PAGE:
We are lucky to sit down with author, Jessica Cooper, today. Thanks for coming on, Jess! We are having fun together in the Novel in 9 Months Class led by authors Jonathan Maberry and Marie Lamba. Visit her at:
www.rem-jmcooper.blogspot.com and www.inexperiencedhousewife.blogspot.com
Describe your book R.E.M. It sounds like a fascinating concept. Plus R.E.M. was just named in the top 50 of the Amazon 2011 Breakthrough Novel Award. Exciting!
REM had an interesting beginning! My husband teaches AP Psychology and I have a Social Welfare degree and therefore a psychology background, as well. We were just chatting about how awesome it would be if we could watch our dreams while we were awake and Wah-lah! I had my “What if”. From there it turned into the premise for REM where these (super-smart) kids away at a premier boarding school discover a machine that allows them to watch their dreams. It quickly turns into a student-run experiment spearheaded by Charlene “Charlie” Abbott, the brightest of the group. On one hand it has amazing results for the athletes, musicians, scholars and more—they all become phenoms literally overnight. It’s all very much a dream come true. But on the other hand, some strange things begin to happen. Some kids start to show signs of psychological problems, some develop some super-natural ability. Charlie has to make some pretty big decisions as to whether or not her experiment is worth it. Plus there’s a bit of romance—a little love triangle—and some issues of grief and drugs and other real-to-life things that kids have to deal with. I enjoy the blend of reality with a touch of sci-fi.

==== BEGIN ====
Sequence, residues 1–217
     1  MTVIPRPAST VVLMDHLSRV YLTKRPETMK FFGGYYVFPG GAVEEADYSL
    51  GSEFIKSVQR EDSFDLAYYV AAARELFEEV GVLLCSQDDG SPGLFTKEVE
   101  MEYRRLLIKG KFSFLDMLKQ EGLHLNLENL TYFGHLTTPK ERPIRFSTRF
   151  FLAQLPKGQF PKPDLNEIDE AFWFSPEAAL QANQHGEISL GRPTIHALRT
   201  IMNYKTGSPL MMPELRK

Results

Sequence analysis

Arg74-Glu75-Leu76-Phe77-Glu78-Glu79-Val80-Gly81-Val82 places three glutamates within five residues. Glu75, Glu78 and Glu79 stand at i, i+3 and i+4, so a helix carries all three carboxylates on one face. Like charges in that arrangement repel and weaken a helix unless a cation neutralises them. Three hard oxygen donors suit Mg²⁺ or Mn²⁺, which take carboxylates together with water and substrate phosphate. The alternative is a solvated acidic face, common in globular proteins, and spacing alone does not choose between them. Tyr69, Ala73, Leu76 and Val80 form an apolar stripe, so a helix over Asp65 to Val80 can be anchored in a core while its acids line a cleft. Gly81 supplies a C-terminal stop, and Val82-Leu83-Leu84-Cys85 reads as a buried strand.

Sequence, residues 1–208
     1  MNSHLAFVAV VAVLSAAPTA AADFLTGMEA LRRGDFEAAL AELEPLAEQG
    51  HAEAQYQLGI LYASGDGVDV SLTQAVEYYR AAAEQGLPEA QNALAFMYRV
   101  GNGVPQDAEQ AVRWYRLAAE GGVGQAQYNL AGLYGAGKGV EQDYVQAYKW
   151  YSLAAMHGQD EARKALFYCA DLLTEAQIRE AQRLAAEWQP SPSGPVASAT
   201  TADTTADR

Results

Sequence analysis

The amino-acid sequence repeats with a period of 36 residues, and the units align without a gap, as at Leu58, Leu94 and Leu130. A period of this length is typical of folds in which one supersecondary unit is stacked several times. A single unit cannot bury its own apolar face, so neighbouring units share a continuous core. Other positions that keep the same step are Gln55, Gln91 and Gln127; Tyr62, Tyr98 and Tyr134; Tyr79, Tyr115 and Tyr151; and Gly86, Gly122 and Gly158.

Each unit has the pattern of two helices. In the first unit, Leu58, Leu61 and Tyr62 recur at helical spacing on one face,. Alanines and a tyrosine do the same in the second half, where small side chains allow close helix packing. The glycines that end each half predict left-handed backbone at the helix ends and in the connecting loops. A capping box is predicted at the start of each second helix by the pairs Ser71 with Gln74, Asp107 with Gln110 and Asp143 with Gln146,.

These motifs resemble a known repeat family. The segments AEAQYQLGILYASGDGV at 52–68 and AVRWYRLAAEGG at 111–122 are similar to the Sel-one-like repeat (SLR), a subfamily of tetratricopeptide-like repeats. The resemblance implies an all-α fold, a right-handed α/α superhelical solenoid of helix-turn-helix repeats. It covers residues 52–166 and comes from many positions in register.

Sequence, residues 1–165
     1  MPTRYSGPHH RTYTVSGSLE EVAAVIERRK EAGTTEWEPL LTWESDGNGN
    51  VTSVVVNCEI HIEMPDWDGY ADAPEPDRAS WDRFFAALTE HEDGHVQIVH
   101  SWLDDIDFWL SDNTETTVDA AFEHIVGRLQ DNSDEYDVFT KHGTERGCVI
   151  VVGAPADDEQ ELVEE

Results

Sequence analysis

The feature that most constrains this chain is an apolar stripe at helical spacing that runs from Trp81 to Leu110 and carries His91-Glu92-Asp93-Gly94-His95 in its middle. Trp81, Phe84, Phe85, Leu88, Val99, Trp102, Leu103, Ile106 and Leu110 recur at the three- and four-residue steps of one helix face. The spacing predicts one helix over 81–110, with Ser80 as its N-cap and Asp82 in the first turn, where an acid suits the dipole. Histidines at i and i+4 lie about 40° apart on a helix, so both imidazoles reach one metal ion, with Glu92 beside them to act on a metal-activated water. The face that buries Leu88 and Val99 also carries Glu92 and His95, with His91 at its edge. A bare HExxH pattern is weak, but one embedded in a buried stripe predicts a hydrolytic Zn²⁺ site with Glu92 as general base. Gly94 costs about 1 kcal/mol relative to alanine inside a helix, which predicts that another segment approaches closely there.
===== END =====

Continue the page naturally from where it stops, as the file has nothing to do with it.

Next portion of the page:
Contest. How exciting! Give us details!
Amazon and Penguin books run the Breakthrough Novel Award every year. (I’m uncertain how many years it’s been running.) In January, you submit your pitch, a synopsis, an excerpt, and the entire manuscript in separate files. Each month is a new phase of the contest and each of your files is evaluated individually—with no names on them. So, it’s encouraging to make it through each round because different things are evaluated each time. There were 5000 entries in which the top 1000 pitches were chosen. Then it gradually whittled down to 50. The top 50 are considered “Semi-finalists” and Second Place Winners. We all received reviews from Publisher’s Weekly—what an amazing prize that was! This was the nicest thing they said: “overall this is well-written. The characters are vivid and the exploration of the power of dreams is compelling.” Sadly, I did not make the top three—which would have been fantastic as they are going to NYC! But, I am thrilled to have made it as far as I did. For a manuscript that I wrote in three weeks, it speaks volumes. It was an amazing confidence booster for me.
What inspired you to write this book?
I am fascinated by dreams and what goes on in your brain during the dreaming process. I am always writing mine down because they frequently turn into amazing stories! (At least I think they’re amazing…)
How much of R.E.M. is realistic?
Well, the world my characters live in is realistic. It’s not a typical Sci-fi where the characters are in another world or go to another world. As far as the power of dreams, it has its roots in a lot of amazing facts. When we dream, our body can actually learn. This was how I got the idea of the students turning into phenoms. I mean, if we can learn from our dreams while we are sleeping how much more could we learn if we watched them while we were awake? Scientists are breaking ground currently with recording dreams as well, which just fed my story even more. While we are probably far away from actually recording the image of our dream, scientists are able to record a pattern of lights based on our dream image. AMAZING! REM goes a bit further however, and explores the idea that we’d access abilities that we don’t even know we have—ESP, super-senses, and possibly even flying. I’d say that’s where the reality ends.
What’s your writing process?